The "product" category includes 3D printers and consumables, or 3D printing materials. While I think it's best to focus on adjusted gross margins, we shouldn't lose sight of the GAAP picture. GAAP quarterly gross margins for Q4 2013 through Q3 2014 are: 50.2%, 51.5%, 51.3%, and 43.1%.
Stratasys' near-term gross margins will likely remain under pressure for two reasons. First, MakerBot's gross margins are somewhat less than the company's average margin. The reason Stratasys' gross margins have held up even with MakerBot in the fold since Q3 2013 is due to strong sales of its higher-end, higher-margin enterprise-focused 3D printers. These include the Fortus and PolyJet lines, and more specifically, the newer Objet500 Connex line of multi-material printers.
Secondly, Stratasys closed on its Solid Concepts and Harvest Technologies acquisitions in the third quarter. Stratasys' on-demand 3D-printing services business sports lower margins than its product business, so we'd expect to see these new acquisitions exert downward pressure on margins. This isn't to say that these weren't solid moves. Stratasys has a long-term strategy and believes there is synergy between these acquisitions and its product business. The game plan involves some customers who use its 3D-printing services eventually deciding to purchase their own 3D printers, which would also mean they'd need to buy consumables from Stratasys. Additionally, information gleaned from the services operations should help Stratasys increase its technical expertise.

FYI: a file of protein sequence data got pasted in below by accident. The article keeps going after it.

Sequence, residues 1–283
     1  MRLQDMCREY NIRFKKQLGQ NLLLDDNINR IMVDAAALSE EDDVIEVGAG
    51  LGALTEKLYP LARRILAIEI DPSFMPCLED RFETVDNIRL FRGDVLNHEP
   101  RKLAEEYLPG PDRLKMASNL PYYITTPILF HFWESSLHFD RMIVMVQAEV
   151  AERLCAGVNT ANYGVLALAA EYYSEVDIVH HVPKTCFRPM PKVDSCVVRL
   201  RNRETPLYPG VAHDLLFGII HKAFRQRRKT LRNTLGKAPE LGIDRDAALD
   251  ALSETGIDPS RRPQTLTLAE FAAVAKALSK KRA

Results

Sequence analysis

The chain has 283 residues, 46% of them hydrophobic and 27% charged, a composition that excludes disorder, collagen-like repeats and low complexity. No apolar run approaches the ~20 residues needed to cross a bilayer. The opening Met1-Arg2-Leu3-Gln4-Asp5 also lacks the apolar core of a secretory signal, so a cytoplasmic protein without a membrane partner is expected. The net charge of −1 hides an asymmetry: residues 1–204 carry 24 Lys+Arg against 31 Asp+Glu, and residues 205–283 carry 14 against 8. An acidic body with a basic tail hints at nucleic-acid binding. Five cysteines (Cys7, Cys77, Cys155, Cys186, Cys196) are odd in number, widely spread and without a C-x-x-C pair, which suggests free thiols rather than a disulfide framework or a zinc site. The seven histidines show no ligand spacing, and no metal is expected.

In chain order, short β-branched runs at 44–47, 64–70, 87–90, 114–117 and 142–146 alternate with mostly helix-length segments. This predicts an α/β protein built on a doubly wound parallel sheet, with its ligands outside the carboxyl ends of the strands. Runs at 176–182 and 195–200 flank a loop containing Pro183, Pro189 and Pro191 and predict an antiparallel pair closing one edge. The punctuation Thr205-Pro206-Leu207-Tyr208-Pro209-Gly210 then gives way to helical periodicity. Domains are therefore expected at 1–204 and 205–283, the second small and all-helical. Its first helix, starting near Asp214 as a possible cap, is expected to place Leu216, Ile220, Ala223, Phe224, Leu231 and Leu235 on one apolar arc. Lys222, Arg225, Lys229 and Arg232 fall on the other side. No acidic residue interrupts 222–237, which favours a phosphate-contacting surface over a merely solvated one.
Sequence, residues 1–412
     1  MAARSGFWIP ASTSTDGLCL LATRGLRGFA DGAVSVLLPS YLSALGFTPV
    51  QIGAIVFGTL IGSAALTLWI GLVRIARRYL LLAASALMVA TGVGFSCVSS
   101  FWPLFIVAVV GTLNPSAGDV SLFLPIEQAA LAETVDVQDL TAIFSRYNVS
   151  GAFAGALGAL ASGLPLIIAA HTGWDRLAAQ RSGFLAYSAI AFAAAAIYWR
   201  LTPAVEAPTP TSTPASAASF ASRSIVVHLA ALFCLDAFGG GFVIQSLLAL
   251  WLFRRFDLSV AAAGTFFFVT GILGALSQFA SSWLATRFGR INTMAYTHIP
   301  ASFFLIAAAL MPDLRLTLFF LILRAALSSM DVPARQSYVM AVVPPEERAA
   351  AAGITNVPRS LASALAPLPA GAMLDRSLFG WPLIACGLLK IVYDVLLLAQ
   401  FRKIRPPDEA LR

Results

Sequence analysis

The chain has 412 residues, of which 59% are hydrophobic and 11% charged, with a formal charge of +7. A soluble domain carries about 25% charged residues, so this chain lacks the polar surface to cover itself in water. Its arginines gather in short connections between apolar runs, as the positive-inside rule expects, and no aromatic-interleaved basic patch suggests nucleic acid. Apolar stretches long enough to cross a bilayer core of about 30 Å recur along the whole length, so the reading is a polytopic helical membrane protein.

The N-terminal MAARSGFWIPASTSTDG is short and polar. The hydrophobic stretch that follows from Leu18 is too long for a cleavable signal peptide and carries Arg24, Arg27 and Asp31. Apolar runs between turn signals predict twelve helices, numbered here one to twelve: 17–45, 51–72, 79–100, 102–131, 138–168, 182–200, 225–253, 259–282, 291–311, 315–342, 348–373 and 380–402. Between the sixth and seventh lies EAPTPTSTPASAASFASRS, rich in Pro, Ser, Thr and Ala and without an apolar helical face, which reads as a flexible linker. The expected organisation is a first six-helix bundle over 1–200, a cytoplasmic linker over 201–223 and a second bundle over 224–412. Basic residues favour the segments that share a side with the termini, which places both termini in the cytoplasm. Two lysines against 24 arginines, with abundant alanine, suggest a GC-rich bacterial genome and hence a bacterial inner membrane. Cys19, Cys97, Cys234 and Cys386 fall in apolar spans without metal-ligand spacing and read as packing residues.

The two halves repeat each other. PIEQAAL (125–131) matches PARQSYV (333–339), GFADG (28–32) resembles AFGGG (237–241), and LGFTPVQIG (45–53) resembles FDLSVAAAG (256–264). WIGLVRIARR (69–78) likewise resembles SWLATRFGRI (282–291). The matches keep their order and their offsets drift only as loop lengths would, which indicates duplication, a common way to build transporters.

Design and manufacturing enterprise solutionsStratasys' preannouncement press release stated, "The Company continues to observe strong demand for its design and manufacturing enterprise solutions and expects growth in 2015 at a rate of more than 25% for these higher-end solutions."